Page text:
A fake deal of the century

President Donald Trump speaks during an event with Israeli Prime Minister Benjamin Netanyahu in the East Room of the White House in Washington, Tuesday, Jan. 28, 2020.
Associated Press / Susan Walsh

On Jan. 28, 2020, Donald Trump, to alarums, polite cheers and claps, and the ubiquitous glare of mobile screens, marched Benjamin Netanyahu, the prime minister of Israel to a podium in the East Room of the Whitehouse and released his keenly anticipated Deal of the Century. Throughout the entire episode, these two kept nudging and touching each other, sweet like that; and Netanyahu smiled like a Cheshire cat that had not only been given milk, but his cream.

The last time I saw Americans so happy, so full of bonhomie and cheer, was when George Bush Jr outlined his rationale for invading Iraq before the US government. Congress was packed. Boy, the seats could not grow warm. Everyone kept jumping up like Jack in the Boxes at every turn in the speech. And like the Iraq war, this speech will lead to ash and death. It will lead to no peace. It will lead to more war. Here are three reasons why:


There were no Palestinians present. Noah was talking to Moses. The only three Arab state officials present, of the 22 members of the Arab League, were the ambassadors of Bahrain, Oman and the United Arab Emirates, three satrap states of the US in the Middle East. The ‘Deal of the Century’ is supposed to be a peace deal between the Israelis and the Palestinians. The Palestinians, who from the beginning distrusted the deal, even as Trump moved the US Embassy into Jerusalem and recognized Israeli “right” to the Golan Heights, had called this deal a slap in the face. They had been told to wait. Wait and see, don’t be presumptuous. Now they waited. And this is what they saw.

Hours later the Palestinian President, Mahmoud Abbas called the deal, “a slap of the century. By God we are going to return several slaps against the oppressors.” He called it “nonsense from beginning to end,” and excoriated: “One thousand times, no no no to the slap of the century.” The imbalance was patent. The deal was Israel-centric. Abbas said it gave anything and everything to Israel: policy for Israel, sovereignty for Israel, occupation for Israel, control for Israel.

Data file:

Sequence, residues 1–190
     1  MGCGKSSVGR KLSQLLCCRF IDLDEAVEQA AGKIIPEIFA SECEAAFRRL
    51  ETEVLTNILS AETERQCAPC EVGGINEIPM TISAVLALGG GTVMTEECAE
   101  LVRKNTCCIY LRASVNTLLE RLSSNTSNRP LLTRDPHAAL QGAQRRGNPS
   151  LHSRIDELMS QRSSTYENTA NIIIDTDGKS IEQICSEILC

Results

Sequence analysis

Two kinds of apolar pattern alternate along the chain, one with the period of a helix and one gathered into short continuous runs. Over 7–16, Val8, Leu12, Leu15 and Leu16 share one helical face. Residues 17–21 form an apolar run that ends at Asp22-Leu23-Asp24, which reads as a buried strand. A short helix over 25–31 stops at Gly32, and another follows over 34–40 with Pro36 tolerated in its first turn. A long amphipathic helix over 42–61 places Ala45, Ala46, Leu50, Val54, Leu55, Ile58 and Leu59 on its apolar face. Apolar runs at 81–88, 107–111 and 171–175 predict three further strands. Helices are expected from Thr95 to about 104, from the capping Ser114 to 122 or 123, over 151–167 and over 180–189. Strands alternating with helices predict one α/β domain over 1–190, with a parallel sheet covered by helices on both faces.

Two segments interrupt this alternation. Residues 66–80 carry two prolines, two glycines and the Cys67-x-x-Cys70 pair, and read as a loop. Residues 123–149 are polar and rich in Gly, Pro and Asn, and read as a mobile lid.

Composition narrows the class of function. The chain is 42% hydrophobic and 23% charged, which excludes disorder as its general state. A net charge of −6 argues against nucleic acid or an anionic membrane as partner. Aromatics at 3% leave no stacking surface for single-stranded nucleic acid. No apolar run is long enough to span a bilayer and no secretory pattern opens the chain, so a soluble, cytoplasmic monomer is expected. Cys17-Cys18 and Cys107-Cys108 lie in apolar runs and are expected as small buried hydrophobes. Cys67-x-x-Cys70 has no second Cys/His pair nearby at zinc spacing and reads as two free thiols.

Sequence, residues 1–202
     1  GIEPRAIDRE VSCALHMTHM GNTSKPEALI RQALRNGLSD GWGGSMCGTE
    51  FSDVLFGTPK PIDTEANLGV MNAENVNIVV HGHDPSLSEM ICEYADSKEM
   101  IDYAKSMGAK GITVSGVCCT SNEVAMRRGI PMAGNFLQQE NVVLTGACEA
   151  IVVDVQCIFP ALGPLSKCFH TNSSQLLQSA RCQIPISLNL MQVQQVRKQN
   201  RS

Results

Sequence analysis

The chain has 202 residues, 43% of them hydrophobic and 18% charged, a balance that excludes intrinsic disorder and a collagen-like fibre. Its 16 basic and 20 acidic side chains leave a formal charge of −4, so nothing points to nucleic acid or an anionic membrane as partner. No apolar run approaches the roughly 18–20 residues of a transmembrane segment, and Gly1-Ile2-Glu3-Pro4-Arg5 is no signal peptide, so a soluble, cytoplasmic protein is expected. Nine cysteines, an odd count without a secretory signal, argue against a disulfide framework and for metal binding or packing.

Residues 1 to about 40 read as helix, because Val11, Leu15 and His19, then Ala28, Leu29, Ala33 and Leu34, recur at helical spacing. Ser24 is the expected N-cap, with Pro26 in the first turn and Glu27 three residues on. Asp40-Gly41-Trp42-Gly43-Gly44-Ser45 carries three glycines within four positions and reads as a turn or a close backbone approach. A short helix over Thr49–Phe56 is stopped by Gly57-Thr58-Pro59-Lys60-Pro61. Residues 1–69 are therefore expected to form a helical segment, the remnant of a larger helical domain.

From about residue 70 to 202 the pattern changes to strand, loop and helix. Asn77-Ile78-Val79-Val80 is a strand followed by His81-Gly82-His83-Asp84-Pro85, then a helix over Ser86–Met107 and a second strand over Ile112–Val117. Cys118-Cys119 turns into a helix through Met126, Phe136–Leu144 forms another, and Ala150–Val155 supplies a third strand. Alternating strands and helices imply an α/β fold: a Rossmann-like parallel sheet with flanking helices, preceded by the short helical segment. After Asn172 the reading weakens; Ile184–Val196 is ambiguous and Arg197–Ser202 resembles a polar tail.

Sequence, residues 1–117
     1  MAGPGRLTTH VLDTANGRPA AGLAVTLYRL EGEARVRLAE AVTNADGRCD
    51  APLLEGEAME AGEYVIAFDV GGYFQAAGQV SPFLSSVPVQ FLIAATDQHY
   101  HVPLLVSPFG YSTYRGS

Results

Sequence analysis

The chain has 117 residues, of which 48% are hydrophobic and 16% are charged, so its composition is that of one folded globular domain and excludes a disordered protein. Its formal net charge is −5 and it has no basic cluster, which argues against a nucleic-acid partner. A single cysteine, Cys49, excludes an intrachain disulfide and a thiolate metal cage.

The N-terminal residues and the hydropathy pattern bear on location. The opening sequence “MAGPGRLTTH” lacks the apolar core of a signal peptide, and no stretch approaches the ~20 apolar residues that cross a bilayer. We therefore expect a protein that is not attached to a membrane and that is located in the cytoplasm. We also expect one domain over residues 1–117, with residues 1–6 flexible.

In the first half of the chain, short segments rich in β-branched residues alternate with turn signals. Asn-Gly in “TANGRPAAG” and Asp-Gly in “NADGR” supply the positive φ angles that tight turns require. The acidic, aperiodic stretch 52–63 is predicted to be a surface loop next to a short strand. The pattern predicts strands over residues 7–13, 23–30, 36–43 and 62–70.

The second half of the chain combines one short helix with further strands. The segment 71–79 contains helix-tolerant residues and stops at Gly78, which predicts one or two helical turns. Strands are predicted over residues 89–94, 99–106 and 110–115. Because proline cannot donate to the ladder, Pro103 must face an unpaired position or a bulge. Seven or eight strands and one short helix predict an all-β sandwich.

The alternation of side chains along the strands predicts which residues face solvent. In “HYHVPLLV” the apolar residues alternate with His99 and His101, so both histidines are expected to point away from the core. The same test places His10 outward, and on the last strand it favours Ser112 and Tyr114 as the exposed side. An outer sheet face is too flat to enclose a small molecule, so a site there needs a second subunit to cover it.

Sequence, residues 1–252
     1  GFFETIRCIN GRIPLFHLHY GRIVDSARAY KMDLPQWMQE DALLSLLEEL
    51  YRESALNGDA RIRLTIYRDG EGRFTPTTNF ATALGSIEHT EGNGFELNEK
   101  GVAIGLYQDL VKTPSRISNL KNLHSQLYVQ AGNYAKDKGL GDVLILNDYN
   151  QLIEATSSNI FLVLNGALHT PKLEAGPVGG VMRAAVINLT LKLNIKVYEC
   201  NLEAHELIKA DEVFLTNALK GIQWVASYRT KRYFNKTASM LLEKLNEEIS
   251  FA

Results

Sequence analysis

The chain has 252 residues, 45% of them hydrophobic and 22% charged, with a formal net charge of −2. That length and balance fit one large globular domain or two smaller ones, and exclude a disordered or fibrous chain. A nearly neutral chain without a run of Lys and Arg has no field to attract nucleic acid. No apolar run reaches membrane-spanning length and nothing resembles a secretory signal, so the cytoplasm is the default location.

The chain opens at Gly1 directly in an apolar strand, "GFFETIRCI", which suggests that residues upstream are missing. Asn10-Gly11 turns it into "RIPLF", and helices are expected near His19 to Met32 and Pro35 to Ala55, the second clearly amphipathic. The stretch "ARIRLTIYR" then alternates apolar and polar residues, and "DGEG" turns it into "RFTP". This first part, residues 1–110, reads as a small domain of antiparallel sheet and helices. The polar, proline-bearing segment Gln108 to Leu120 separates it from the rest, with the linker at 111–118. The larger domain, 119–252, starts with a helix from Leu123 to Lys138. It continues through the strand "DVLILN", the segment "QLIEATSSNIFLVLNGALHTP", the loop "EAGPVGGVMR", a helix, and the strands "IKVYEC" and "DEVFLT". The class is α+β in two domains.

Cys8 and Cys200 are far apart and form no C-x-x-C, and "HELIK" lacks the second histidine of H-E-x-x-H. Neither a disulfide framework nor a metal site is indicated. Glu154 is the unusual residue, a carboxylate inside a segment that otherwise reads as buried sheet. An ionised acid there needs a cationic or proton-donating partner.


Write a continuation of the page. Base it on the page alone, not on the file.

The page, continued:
The deal gives Israel “undivided” control of Jerusalem, and a sliver of East Jerusalem to host a Palestinian capital. It gives them a permanent border on their “Eastern front,” and control of Golan, Samaria and Judea, ancient holy and historical sites. It gives them the settlements, insidious and hostile encroachments into Palestinian territory. It threatens to disarm HAMAS, the paramilitary wing of the Palestinian cause and to de-radicalize Gaza. It slices into Gaza. Abbas complained that the 1967 War had left Palestinian with only 22 percent of its territory, and this plan wants 40 percent of this 22 percent.

Donald Trump boasted that $US50 billion would be invested in Palestine should they accept the deal, and one million Palestinians would find employment. Netanyahu affirmed: “It takes enormous talent to reject $50 billion worth of investment. I know what that does to the economy.” Abbas declared: “Our rights are not for sale. Jerusalem is not for sale.” The deal for him is a “conspiracy” to make Palestinian into what the Balfour Declaration of 1917 had failed to do: build a Bantustan, a colonial enclave for the British Empire; in this case a Judea-Christian canton.


The history of Palestine was absent. Palestinian heritage, hurt, feelings, fears were nowhere part of the deal. Trump spoke exuberantly about himself: “I was not elected to do small things or shy away from big problems.” He spoke of the deal as a “win-win” solution. He said it was an “obligation of humanity” to get this deal done, the most difficult deal in history. He gloated. He had assassinated “the world’s top terrorist”, the Iranian Major General Qassem Soleimani; and had quashed the Iran Nuclear deal. Netanyahu praised the deal for granting Israel “sovereignty where our prophets preached and kings ruled, places inscribed in Bible — historic and religious places, etched in soul of Jewish people – a permanent part of the Jewish state.”

No one mentioned the Palestinian martyrs, heritage, history, soul. It was left to Abbas to inscribe this on the day’s proceedings: “Our martyrs in all our villages will not be betrayed, your blood will not be wasted.” He declared: “Not a single child in Palestine is going to accept a state of Palestine without Jerusalem.” He said that whilst his nation would rely on the Arab League, the Organization of African Unity (in which he is the vice-president), and the UN for resolution, ultimately it was the struggle and initiative of the Palestinians that would count. The Palestinians were the ultimate vanguard. He vowed: “We are going to continue our uninterrupted struggle to protect our nation.”

In this deal, fake as fake could be, Trump has nothing to lose. He is facing re-election in November. When the plan falls through he will say to his constituents that he gave it his best shot, he kept his promise; it was the Palestinians who failed to accept peace. Netanyahu, his political fate hanging on a string, has nothing to lose either; he desires to be seen as patriotic peacemaker for Israel’s general elections on March 2nd 2020. The deal sought to prolong on our planet the well-established gospel: US and Jewish / Israeli exceptionalism.

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